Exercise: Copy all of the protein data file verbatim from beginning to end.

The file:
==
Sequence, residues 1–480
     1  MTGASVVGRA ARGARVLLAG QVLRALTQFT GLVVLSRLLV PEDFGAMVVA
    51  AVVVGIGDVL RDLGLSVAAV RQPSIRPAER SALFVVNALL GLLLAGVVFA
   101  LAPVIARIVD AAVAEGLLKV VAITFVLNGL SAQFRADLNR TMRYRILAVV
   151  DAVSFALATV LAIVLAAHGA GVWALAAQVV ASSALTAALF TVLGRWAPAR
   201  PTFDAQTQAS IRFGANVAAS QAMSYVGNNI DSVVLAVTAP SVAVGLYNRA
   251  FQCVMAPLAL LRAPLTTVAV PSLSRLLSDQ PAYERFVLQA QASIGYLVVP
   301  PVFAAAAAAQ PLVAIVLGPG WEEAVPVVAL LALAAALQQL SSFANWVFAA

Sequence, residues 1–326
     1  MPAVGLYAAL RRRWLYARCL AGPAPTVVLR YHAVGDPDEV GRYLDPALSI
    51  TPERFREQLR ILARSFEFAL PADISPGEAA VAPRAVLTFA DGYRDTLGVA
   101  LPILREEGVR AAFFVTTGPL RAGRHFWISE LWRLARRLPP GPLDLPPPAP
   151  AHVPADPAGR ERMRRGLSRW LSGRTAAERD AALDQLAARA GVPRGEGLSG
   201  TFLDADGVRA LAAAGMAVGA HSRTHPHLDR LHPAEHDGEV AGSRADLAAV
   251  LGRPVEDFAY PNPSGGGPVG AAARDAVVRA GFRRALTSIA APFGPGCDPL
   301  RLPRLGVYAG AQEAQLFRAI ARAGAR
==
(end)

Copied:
Sequence, residues 1–480
     1  MTGASVVGRA ARGARVLLAG QVLRALTQFT GLVVLSRLLV PEDFGAMVVA
    51  AVVVGIGDVL RDLGLSVAAV RQPSIRPAER SALFVVNALL GLLLAGVVFA
   101  LAPVIARIVD AAVAEGLLKV VAITFVLNGL SAQFRADLNR TMRYRILAVV
   151  DAVSFALATV LAIVLAAHGA GVWALAAQVV ASSALTAALF TVLGRWAPAR
   201  PTFDAQTQAS IRFGANVAAS QAMSYVGNNI DSVVLAVTAP SVAVGLYNRA
   251  FQCVMAPLAL LRAPLTTVAV PSLSRLLSDQ PAYERFVLQA QASIGYLVVP
   301  PVFAAAAAAQ PLVAIVLGPG WEEAVPVVAL LALAAALQQL SSFANWVFAA

Sequence, residues 1–326
     1  MPAVGLYAAL RRRWLYARCL AGPAPTVVLR YHAVGDPDEV GRYLDPALSI
    51  TPERFREQLR ILARSFEFAL PADISPGEAA VAPRAVLTFA DGYRDTLGVA
   101  LPILREEGVR AAFFVTTGPL RAGRHFWISE LWRLARRLPP GPLDLPPPAP
   151  AHVPADPAGR ERMRRGLSRW LSGRTAAERD AALDQLAARA GVPRGEGLSG
   201  TFLDADGVRA LAAAGMAVGA HSRTHPHLDR LHPAEHDGEV AGSRADLAAV
   251  LGRPVEDFAY PNPSGGGPVG AAARDAVVRA GFRRALTSIA APFGPGCDPL
   301  RLPRLGVYAG AQEAQLFRAI ARAGAR